Biden speaks of “two twisted, perverted, cowardly, knock-off jihadis here in Boston,” while in the constitutionally illegal pre-Miranda “Rights” interrogation (we can’t discount the possibility of torture being involved too) of Dzhokhar Tsarneav, he bluntly said that they attacked because of the U.S. occupations of AFGHANISTAN and IRAQ, NOT because of Islam (something you, of course, don’t see reported AT ALL in the mainstream, corporate media).

Ignore this noise. Plug your ears; keep huffing and puffing away—with bipartisan support: The attack was about Islam. The unsubstantiated presupposition becomes a moral truism. Of course, it’s related to Islam. I mean, why else would “they” attack “us”?! (Note too the always powerful “us” and “them” strategy—’cus the Tsarnaevs aren’t part of “us”; I mean, it’s not like they’ve lived here most of their lives or something…)

Turning to address the audience, the enormous and incredibly diverse MIT community, Biden declares, “You challenge orthodoxy as they try to impose it.” How does everyone in the audience stand steadfastly against such obstinate orthodoxy? Why, merely by being American (or even just being in America, of course). But, the Tsarnaevs, they’re not American anymore. They’ve forfeited their Americanness.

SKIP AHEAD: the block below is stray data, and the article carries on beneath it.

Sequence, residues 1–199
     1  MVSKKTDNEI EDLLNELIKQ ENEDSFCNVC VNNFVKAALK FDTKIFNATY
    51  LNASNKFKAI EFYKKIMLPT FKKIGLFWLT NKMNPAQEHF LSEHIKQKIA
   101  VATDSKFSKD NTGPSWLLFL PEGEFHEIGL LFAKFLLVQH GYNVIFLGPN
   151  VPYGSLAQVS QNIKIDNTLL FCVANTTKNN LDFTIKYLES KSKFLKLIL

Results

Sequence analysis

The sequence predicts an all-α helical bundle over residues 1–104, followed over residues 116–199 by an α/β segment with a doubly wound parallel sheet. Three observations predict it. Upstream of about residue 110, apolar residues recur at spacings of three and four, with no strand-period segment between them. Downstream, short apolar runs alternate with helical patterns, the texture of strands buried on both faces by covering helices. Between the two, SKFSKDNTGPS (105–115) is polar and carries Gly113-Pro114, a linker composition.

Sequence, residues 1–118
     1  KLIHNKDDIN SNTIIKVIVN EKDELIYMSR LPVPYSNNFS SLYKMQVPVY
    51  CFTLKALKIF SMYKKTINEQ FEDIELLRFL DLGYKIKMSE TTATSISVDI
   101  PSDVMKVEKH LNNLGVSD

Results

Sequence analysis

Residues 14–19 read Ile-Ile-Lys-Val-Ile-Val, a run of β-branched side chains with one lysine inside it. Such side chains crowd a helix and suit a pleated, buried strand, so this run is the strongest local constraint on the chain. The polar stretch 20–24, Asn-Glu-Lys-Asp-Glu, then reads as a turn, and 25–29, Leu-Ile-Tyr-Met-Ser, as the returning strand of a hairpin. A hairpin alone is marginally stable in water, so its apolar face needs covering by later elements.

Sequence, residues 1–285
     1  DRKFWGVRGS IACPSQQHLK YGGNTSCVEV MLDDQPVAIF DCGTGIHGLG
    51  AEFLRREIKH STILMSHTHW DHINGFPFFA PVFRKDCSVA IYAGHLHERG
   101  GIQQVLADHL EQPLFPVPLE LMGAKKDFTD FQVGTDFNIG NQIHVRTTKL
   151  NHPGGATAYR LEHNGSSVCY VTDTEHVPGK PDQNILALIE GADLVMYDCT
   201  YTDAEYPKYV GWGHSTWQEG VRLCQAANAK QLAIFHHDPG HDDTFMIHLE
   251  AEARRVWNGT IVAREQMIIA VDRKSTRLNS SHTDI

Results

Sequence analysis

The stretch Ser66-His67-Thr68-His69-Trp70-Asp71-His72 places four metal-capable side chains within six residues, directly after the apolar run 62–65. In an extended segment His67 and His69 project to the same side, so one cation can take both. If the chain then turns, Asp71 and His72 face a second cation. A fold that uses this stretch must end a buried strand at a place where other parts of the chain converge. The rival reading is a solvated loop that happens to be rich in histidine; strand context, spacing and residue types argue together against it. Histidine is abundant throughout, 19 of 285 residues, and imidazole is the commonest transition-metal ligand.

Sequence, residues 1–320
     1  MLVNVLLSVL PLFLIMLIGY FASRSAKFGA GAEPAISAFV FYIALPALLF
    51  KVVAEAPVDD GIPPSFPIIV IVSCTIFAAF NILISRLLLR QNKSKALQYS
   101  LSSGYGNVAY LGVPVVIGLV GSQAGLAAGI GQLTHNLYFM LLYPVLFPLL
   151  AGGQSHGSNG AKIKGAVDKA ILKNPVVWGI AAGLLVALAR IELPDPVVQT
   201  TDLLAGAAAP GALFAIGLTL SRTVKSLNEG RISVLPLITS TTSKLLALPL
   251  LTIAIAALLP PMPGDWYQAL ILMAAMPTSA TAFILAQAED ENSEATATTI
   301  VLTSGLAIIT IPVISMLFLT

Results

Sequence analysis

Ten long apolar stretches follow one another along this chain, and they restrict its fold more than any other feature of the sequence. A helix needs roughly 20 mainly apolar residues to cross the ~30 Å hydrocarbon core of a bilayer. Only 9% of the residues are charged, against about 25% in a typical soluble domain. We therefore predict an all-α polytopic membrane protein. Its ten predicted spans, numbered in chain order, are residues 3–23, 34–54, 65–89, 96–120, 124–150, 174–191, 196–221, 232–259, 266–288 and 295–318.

These ignorant tools of, propagators of, empire just keep reiterating, have the temerity to persistently ask why “they” attacked us, even after “they” gave you the reason! Imperialism. Occupation. War. Destruction. Genocide.

But these are answers the White House doesn’t want to hear… So, make up your own answer. Sweep the real one under the rug and yell “jihadi” a lot until it sticks…

Ignoring this is ignoring REALITY—reality that virtually everyone else in the world sees bright and clearly, while we continue to shoot ourselves in the foot, again, again, again, again… all while slowly raising the gun higher and higher.